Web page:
America on Fire challenges historical and contemporary debates that label violent Black protest as “rioting” or “riots,” stripping them of their political salience and purpose. Instead, Hinton argues, they need to be understood as rebellions, which forestalls the inclination embraced by some white allies to empathize with the causes of rebellion, while believing that the rebellion itself is driven by a “pathological impulse, rooted in spontaneous, uncontrollable emotion” (4). The “fundamental reality,” Hinton shows, is that Black urban rebellion was often responding to and precipitated by overpolicing and police violence (15).
Part I includes seven chapters that focus on a specific theme related to the causes and nature of Black rebellion such as public housing, white vigilantism, “riot” commissions, and more. Chapter 1 sets up the larger motif of the book: the cycle of Black rebellion instigated by violent overpolicing. Hinton illuminates how communities like Carver Ranches in Broward County, Florida, “didn’t have sidewalks, fire hydrants, or a sewer system,” but had aggressive police patrols that responded violently to quotidian interactions with residents (19). This cycle defined Black life in low-income, segregated areas, as law enforcement maintained social control while the city failed to adequately fund infrastructure, better schools, or jobs programs.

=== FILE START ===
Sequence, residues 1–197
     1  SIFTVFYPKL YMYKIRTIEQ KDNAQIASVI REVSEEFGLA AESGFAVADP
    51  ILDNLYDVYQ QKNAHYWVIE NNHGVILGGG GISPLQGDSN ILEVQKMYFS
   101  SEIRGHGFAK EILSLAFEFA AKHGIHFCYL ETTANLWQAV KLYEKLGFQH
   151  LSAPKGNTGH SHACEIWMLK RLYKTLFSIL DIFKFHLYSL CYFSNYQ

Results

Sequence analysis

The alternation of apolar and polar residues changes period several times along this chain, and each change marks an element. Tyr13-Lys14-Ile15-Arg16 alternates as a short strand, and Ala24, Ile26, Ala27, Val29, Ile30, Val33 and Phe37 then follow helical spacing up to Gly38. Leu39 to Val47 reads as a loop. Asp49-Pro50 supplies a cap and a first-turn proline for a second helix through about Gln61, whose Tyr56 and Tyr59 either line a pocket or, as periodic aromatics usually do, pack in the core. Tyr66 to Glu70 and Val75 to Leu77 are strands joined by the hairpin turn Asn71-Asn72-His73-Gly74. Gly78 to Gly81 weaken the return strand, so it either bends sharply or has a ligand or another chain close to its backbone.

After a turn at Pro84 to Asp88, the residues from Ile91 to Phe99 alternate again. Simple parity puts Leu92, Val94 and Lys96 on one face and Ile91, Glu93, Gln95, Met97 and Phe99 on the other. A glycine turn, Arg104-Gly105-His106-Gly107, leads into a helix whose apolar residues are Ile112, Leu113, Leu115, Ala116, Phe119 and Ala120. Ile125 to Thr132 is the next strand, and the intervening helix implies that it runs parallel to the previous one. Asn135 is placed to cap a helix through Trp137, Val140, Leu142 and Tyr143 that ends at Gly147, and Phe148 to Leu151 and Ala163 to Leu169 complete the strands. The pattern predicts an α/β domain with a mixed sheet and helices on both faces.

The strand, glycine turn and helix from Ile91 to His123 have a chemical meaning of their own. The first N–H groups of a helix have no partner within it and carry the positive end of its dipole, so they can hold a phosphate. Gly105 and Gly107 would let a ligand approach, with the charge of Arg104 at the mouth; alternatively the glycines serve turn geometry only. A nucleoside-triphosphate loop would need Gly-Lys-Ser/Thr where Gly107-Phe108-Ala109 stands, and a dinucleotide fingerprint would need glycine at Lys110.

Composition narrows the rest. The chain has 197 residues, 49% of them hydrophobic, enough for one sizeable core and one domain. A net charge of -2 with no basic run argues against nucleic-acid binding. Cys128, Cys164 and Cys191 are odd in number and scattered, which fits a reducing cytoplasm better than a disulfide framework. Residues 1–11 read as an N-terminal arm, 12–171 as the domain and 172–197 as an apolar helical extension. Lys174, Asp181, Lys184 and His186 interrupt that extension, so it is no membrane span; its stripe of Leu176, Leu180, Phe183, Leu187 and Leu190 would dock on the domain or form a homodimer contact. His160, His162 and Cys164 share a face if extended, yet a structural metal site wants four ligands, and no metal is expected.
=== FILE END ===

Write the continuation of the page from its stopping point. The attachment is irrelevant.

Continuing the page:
In Chapter 2, Hinton focuses on several Black public housing projects, including Pyramid Courts in Cairo, Illinois. Public housing, according to Black residents, became “sites of oppression” due to the overbearing presence of the police (67). Despite concerted and partially successful desegregation campaigns by local NAACP and SNCC chapters in the early 1960s, Black Cairoites were still completely locked out of municipal politics and relegated to the flood-prone, dilapidated housing of Pyramid Courts. After Black residents rebelled in 1967, white Cairoites formed a vigilante group to terrorize the Black community through gunfire and racist threats. White supremacist violence peaked in 1969 when white locals perched themselves at the top of a levee and fired down on Pyramid Courts, only to be met with return gunfire. Cairo police either joined in or sanctioned this kind of terroristic violence, which continued until 1972.